Dear Parents and Carers,
Further to my email yesterday, here is some more guidance regarding Scarlet fever / Strep A.
You may have seen recent news reports concerning cases of suspected or confirmed scarlet fever. This has also been referred to as “Strep A”. We are writing to inform you that there has been some increase nationally in notifications of scarlet fever to the UK Health Security Agency (UKHSA), above seasonal expected levels.
We would like to take this opportunity to provide some information about this illness, and to raise your awareness of the signs and symptoms to look out for.
Although scarlet fever is usually a mild illness, it should be treated with antibiotics to minimise the risk of complications and reduce the spread to others. The symptoms of scarlet fever include:
If you think you, or your child, have scarlet fever, please take the following actions:
• see your GP or contact NHS 111 as soon as possible
• make sure that you/your child takes the full course of any antibiotics prescribed by the doctor
• stay at home, away from nursery, school or work for at least 24 hours after starting the antibiotic treatment, to avoid spreading the infection
• inform the school if it is a confirmed case of scarlet fever/strep A by your doctor
Children who have had chickenpox recently are more likely to develop more serious infection during an outbreak of scarlet fever and so parents should remain vigilant for symptoms such as:
• a persistent high fever
• cellulitis (skin infection)
• arthritis (joint pain and swelling).
If you are concerned for any reason, please seek medical assistance immediately. If your child has an underlying condition which affects their immune system, you should contact your GP or hospital doctor to discuss whether any additional measures are needed.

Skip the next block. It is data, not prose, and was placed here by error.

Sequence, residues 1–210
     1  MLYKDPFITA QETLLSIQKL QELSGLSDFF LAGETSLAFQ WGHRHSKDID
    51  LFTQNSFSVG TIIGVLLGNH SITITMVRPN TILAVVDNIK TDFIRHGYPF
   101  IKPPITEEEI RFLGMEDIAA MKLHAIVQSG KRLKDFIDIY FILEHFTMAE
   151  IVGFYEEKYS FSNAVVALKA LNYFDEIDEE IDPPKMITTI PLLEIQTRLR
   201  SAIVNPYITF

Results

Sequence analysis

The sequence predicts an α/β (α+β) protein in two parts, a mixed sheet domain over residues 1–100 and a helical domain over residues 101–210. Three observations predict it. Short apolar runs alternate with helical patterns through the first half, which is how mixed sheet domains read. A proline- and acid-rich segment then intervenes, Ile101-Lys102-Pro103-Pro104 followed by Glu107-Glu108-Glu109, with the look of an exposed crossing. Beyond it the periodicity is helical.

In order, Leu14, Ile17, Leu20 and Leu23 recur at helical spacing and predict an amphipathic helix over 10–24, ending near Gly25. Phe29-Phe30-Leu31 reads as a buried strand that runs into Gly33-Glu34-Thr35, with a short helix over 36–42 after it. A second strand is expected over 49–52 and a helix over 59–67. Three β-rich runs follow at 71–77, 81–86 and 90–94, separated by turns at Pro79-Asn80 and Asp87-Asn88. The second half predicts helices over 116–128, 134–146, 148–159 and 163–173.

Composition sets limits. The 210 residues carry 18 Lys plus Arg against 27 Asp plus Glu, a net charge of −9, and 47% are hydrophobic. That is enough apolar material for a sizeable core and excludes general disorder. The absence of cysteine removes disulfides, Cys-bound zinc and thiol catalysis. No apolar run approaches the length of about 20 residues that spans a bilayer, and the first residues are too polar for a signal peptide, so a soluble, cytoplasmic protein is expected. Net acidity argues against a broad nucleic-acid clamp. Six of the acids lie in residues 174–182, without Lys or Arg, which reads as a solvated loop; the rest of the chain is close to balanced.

You can find more information in the guidance: Scarlet fever: symptoms, diagnosis and treatment. Further advice can also be obtained from the Health Protection Team during office hours. Please see below for links to further information and FAQs.
In school, staff will continue to be vigilant about looking for symptoms and encouraging pupils to maintain good hand hygiene. Hand washing remains the most important step in preventing such infections. Staff and pupils will be encouraged to wash their hands at the start of the school day, after using the toilet, after play, before and after eating, and at the end of the school day. Hand sanitiser is available.
With best wishes
Scarlet fever: symptoms, diagnosis and treatment
Scarlet Fever Frequently Asked Questions
Health Protection Team for UKHSA South West Centre Health Protection Team
Follaton House, Plymouth Road, Totnes, TQ9 5NE
Phone: 0300 303 8162 option 1 then option 1